The Government Just Issued Two Big Zika Warnings for Men and Women

September 30, 2016, 8:50 PM UTC
Photograph by Paul Bradbury — Getty Images/Caiaimage

The U.S. government is ramping up its warnings about the Zika virus epidemic for both men and women.

On Friday, the Centers for Disease Control (CDC) issued broad new recommendations cautioning pregnant women to contemplate postponing travel to 11 Southeast Asian countries where the mosquito-borne virus is spreading, and fortified its warnings for men who are planning to start a family.

“CDC recommends pregnant women should consider postponing nonessential travel to Southeast Asia countries with reports of Zika virus infection from local transmission or related to travel to those countries, and those countries with adjacent borders where limited information is available to fully evaluate risk of Zika virus infection,” wrote the agency in an update.

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The relevant nations are: Brunei; Myanmar; Cambodia; Indonesia; Laos; Malaysia; Maldives; the Philippines; Thailand; Timor-Leste (East Timor); and Vietnam.

While people living in those countries may have developed an immunity to the virus, which can cause severe birth defects in infected pregnant women’s children, travelers may not enjoy similar protection, the CDC explained. Thai health officials recently confirmed that two cases of microcephaly (abnormally small heads) in newborns have been linked with the Zika virus in that country.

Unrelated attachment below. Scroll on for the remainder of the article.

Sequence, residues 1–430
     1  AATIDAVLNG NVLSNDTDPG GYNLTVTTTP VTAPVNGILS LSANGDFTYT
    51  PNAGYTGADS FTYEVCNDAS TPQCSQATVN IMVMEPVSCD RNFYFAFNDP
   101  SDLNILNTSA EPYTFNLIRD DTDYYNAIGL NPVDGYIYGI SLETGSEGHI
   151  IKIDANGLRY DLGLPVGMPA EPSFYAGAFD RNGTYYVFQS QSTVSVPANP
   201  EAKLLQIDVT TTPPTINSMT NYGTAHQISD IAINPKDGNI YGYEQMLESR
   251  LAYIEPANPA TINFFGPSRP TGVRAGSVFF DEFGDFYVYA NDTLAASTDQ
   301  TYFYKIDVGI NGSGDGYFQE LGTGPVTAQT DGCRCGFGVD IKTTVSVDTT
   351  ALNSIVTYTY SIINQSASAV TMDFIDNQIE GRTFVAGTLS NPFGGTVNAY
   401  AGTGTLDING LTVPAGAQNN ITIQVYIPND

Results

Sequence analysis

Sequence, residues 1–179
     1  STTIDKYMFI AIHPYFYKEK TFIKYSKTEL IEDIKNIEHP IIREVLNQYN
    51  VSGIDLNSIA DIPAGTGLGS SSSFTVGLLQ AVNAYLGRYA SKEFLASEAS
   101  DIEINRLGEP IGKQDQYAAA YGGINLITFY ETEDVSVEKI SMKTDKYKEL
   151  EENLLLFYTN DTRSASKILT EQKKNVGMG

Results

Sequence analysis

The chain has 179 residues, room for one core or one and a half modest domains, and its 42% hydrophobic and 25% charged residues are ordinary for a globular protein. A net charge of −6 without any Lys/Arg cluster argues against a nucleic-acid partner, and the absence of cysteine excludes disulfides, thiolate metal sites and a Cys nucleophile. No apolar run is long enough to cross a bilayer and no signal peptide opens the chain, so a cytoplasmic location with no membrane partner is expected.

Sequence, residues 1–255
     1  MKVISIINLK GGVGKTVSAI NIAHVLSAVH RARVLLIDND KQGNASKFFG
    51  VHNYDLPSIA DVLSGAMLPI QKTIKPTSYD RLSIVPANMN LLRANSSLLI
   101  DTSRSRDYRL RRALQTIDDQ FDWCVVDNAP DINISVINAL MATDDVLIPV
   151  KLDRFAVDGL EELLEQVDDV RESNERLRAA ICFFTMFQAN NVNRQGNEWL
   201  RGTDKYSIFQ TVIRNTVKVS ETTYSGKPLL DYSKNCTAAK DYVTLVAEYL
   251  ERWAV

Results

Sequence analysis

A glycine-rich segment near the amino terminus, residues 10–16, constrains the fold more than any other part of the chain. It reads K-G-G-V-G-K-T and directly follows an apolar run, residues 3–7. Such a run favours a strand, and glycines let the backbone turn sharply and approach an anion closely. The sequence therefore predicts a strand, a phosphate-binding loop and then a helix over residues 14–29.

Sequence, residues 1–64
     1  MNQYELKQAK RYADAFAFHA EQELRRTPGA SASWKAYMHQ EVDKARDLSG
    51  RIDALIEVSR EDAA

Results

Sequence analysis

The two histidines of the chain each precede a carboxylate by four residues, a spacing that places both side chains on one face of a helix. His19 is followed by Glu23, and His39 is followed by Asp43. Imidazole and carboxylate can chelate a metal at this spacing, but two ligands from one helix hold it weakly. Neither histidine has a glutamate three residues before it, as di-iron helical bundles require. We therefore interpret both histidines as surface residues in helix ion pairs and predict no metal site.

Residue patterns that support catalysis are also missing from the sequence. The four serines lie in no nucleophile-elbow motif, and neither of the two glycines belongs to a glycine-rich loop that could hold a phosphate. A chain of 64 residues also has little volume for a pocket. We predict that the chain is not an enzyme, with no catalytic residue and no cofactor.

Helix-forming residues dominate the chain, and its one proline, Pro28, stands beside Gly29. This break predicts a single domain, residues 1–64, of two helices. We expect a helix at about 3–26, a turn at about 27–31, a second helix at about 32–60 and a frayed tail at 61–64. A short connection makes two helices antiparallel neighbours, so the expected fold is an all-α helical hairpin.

But the guidance also highlighted new warnings for men, who can transmit the virus (which has relatively mild health effects in adults) via sexual intercourse to their partners. And if a couple is planning on getting pregnant, that can spell trouble for the unborn child.

The CDC had originally warned men who had not developed active Zika symptoms but still may have contracted the virus by visiting an affected region to put off conception for eight weeks; now, the agency has lifted that timeframe to six full months.

Regulators’ heightened caution comes on the heels of reports suggesting that Zika can actually remain in semen for much longer than expected.

Congress finally approved a bill funding the anti-Zika fight in U.S. states and territories late Wednesday, including provisions to fund vaccine research and mosquito control efforts. It took lawmakers 233 days to pass the emergency appropriations requested by President Obama in February.

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